2. Consent searches, when voluntary, are an exception to the warrant requirement. The voluntariness question turns on whether a reasonable person would, under the totality of the circumstances, feel able to choose whether to consent. Evidence obtained through an illegal search or seizure is tainted by that initial illegality unless sufficiently attenuated from it. Thus, even when consent is voluntary, if it is not attenuated from the unconstitutional search, the evidence must be suppressed. Three factors are considered in determining whether consent is sufficiently attenuated: (1) the temporal proximity of the illegal act and the alleged consent, (2) the presence of intervening circumstances, and (3) the purpose and flagrancy of the official misconduct. In these cases, because the trial court determined that there was no Fourth Amendment violation, it did not consider whether the subsequent consent was attenuated from the illegality. Therefore, the cases had to be remanded to the trial court for consideration of that question in the first instance.

         Reversed and remanded to the Kent Circuit Court to determine whether defendants' consent to search was attenuated from the officers' illegal search.

          OPINION

          McCormack, J.

         In these consolidated cases, we consider the constitutionality of two early morning searches of the defendants' homes. We conclude that the police conduct in both cases was unconstitutional; these were not permissible "knock and talks, " but rather warrantless searches. Because of these illegal searches, the defendants' consent to search-even if voluntary-is invalid unless it is sufficiently attenuated from the illegality. Accordingly, we reverse the Court of Appeals' contrary determination and remand these cases to the Kent Circuit Court for further proceedings.

         I. FACTS AND PROCEDURAL HISTORY

         During the predawn hours on March 18, 2014, seven officers from the Kent Area Narcotics Enforcement Team (KANET) made unscheduled visits to the defendants' homes. Both defendants were employees of the corrections division of the Kent County Sheriff Department. Their names had come up in a criminal investigation, and KANET decided to perform these early morning visits to the defendants' homes rather than waiting until daytime to speak with the defendants (or seeking search warrants). KANET knocked on defendant Michael Frederick's door around 4:00 a.m. and on defendant Todd Van Doorne's door around 5:30 a.m. Lieutenant Al Roetman, who was present at both searches, testified that everyone appeared to be asleep at both houses.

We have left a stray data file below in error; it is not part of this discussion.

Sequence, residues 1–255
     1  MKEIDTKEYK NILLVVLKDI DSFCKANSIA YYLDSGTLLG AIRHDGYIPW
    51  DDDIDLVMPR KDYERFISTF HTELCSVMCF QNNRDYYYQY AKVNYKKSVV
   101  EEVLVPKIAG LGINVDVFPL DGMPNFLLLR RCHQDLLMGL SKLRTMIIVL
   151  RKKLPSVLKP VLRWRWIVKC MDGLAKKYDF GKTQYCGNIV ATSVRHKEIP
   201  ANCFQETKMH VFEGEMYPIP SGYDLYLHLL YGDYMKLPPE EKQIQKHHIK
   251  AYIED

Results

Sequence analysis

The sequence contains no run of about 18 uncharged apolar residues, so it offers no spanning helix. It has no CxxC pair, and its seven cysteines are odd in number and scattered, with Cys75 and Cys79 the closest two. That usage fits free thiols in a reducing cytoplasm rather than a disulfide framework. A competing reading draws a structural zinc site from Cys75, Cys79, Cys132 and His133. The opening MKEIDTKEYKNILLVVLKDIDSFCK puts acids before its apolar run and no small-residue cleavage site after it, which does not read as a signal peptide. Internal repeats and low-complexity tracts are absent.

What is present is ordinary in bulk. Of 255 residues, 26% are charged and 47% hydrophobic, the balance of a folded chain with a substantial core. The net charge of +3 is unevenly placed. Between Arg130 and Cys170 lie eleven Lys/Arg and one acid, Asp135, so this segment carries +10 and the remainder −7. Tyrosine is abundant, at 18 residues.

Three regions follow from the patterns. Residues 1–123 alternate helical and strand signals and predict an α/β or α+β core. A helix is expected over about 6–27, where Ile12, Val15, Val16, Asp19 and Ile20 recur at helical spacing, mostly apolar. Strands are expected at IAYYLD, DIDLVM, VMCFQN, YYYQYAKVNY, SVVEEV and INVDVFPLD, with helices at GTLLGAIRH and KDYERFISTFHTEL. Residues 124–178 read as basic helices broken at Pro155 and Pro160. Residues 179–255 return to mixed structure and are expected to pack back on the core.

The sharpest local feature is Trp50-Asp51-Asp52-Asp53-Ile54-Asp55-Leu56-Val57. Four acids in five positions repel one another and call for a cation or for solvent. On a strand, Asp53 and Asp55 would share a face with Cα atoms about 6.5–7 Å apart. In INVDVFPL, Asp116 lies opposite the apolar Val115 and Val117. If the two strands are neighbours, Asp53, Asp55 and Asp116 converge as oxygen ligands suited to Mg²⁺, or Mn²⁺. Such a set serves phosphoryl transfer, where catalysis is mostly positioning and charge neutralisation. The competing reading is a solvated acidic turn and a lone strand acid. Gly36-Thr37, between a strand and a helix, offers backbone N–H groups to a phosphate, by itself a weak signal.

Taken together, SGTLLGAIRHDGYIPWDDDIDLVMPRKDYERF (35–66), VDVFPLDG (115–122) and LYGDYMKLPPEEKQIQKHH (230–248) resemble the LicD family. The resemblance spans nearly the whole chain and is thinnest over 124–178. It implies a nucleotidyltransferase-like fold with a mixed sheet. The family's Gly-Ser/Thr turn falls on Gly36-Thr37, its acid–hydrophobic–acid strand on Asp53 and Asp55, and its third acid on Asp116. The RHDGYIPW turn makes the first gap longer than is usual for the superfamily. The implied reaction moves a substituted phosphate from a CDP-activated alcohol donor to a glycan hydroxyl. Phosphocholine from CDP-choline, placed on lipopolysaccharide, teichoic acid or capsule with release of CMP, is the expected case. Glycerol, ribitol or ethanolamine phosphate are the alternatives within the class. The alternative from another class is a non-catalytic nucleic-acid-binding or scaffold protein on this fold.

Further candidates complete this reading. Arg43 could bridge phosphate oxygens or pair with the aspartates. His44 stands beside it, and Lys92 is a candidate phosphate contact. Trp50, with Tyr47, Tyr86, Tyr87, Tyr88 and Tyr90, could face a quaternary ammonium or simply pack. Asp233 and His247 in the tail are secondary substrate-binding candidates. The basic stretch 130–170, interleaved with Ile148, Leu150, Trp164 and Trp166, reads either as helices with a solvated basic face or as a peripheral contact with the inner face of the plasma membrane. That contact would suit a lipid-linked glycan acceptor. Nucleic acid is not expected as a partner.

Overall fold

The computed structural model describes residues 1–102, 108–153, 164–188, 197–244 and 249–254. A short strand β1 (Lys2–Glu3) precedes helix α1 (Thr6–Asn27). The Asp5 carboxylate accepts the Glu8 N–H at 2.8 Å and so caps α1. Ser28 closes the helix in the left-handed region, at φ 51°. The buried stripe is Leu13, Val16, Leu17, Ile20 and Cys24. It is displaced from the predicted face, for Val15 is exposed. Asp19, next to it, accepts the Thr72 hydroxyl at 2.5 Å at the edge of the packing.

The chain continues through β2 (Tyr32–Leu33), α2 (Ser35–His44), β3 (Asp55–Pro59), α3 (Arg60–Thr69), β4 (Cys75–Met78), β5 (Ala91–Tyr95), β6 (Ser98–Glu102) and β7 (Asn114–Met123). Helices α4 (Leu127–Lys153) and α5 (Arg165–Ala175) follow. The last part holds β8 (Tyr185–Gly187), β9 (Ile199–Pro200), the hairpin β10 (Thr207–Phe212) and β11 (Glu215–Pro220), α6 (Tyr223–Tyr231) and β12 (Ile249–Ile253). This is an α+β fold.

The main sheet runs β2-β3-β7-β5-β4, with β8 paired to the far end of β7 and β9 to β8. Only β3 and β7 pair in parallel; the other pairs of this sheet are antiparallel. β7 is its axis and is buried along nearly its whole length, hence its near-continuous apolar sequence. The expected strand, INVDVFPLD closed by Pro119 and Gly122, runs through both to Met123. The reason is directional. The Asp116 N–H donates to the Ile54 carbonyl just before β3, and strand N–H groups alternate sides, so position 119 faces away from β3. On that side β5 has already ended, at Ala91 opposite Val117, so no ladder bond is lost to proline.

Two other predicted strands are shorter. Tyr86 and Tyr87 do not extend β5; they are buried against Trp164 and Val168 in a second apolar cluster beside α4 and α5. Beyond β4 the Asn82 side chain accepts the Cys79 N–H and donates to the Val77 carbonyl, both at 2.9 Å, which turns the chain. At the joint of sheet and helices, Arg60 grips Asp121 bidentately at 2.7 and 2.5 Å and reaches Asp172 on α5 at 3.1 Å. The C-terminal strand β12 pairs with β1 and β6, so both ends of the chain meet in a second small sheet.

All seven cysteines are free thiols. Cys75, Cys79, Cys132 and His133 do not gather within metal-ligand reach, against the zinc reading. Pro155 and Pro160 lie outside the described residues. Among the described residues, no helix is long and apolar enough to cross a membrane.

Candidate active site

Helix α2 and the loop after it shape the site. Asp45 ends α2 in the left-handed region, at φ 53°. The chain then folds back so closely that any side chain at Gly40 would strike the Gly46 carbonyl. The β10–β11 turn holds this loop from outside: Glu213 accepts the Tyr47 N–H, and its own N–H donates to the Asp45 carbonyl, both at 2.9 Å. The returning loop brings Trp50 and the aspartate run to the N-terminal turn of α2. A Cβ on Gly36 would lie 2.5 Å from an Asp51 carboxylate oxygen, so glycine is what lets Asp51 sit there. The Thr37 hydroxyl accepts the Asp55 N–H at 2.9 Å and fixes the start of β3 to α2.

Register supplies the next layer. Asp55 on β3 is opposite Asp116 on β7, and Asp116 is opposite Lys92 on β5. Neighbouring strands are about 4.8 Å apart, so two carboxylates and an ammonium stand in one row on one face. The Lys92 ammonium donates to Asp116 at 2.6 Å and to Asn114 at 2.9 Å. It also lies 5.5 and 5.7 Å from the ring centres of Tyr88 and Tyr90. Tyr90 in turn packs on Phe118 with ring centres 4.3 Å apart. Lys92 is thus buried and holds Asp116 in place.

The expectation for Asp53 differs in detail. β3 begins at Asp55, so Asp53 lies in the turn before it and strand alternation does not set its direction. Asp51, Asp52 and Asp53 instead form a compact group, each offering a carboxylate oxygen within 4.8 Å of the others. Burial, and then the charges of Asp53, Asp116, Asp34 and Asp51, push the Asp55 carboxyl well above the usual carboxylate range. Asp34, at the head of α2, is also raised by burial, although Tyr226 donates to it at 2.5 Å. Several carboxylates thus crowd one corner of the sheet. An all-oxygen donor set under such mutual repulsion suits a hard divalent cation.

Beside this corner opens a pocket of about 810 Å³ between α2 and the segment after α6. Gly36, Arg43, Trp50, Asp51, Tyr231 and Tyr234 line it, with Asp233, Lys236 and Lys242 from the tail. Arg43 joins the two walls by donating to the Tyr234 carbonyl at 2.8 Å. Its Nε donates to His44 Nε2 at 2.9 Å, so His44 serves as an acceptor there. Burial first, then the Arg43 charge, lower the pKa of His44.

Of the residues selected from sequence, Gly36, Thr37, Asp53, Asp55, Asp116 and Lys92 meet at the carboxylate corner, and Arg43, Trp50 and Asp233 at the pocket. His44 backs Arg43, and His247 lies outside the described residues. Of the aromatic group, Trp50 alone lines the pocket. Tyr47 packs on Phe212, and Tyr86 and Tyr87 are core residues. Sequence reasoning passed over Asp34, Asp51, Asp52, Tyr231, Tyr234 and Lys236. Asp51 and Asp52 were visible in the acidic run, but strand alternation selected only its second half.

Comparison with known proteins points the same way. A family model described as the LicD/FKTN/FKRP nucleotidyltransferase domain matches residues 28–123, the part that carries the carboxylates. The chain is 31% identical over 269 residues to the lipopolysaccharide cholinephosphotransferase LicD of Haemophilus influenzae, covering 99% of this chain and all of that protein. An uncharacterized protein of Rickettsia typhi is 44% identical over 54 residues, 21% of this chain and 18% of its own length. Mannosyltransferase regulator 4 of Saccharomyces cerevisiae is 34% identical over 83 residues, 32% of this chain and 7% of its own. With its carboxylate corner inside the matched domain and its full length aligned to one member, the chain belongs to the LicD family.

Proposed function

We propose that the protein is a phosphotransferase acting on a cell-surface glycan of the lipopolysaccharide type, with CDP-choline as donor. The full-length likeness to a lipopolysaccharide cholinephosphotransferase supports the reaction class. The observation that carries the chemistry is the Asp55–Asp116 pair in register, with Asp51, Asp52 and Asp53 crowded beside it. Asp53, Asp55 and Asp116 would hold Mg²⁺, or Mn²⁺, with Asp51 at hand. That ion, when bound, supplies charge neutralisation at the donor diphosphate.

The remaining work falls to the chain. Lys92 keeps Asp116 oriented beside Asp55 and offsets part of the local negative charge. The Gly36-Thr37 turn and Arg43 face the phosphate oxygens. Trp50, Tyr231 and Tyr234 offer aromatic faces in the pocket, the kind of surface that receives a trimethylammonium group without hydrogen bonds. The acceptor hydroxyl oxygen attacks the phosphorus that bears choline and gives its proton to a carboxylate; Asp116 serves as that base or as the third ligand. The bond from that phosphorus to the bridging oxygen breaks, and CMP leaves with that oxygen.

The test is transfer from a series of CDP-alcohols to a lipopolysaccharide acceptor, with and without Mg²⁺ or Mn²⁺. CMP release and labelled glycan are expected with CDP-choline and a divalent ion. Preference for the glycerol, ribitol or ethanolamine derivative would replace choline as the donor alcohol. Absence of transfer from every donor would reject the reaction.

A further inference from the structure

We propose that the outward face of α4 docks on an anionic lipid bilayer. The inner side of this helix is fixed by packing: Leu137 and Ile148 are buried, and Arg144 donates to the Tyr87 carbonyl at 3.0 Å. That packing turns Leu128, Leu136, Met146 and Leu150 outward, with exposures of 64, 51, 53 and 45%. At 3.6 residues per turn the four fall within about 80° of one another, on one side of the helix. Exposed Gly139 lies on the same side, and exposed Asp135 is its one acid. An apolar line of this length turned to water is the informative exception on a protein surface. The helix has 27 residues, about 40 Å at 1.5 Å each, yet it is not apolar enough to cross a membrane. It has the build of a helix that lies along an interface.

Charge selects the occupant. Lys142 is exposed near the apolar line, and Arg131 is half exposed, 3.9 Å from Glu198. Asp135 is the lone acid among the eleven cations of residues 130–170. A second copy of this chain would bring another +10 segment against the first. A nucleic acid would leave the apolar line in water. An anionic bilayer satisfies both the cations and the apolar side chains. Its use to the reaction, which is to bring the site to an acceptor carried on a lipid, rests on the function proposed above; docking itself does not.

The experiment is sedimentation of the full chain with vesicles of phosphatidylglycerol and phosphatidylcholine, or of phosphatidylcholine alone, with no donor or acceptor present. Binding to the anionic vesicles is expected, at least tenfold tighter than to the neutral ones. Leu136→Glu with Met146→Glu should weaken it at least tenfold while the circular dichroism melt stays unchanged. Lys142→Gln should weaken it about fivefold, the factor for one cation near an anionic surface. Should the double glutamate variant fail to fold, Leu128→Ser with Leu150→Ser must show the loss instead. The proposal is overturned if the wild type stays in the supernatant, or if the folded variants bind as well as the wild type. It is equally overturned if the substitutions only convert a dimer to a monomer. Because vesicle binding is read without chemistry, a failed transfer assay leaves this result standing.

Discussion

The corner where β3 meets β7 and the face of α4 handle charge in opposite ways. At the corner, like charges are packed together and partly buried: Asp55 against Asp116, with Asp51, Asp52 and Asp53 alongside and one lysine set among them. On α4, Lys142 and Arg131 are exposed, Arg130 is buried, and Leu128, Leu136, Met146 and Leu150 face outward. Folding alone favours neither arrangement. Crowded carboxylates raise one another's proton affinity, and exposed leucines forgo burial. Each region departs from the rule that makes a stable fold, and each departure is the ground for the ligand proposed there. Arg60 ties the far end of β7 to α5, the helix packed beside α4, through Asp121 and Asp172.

Both defendants and their families were surprised and alarmed by the intrusions. Van Doorne considered arming himself, as did Frederick's wife. Nonetheless, both defendants answered the door after a few minutes of knocking-each thinking that there must have been some sort of emergency.

         Instead, each defendant found himself confronted with a group of police officers. The officers asked each defendant about marijuana butter that they suspected the defendants possessed. After a conversation with each defendant, during which the defendants were read their Miranda[1] rights, both defendants consented to a search of their homes and signed a consent form to that effect. Marijuana butter and other marijuana products were recovered from each house.

         The defendants were charged with various drug offenses. Both moved to suppress evidence of the marijuana products found in their homes. The trial court denied both motions. The court concluded that KANET had not conducted a search by approaching the home and knocking, and that the subsequent consent search was a valid, voluntary search. The court distinguished Florida v Jardines, 569 U.S.; 133 S.Ct. 1409; 185 L.Ed.2d 495 (2013), noting that the police here did not use a drug-sniffing dog or otherwise try to search ...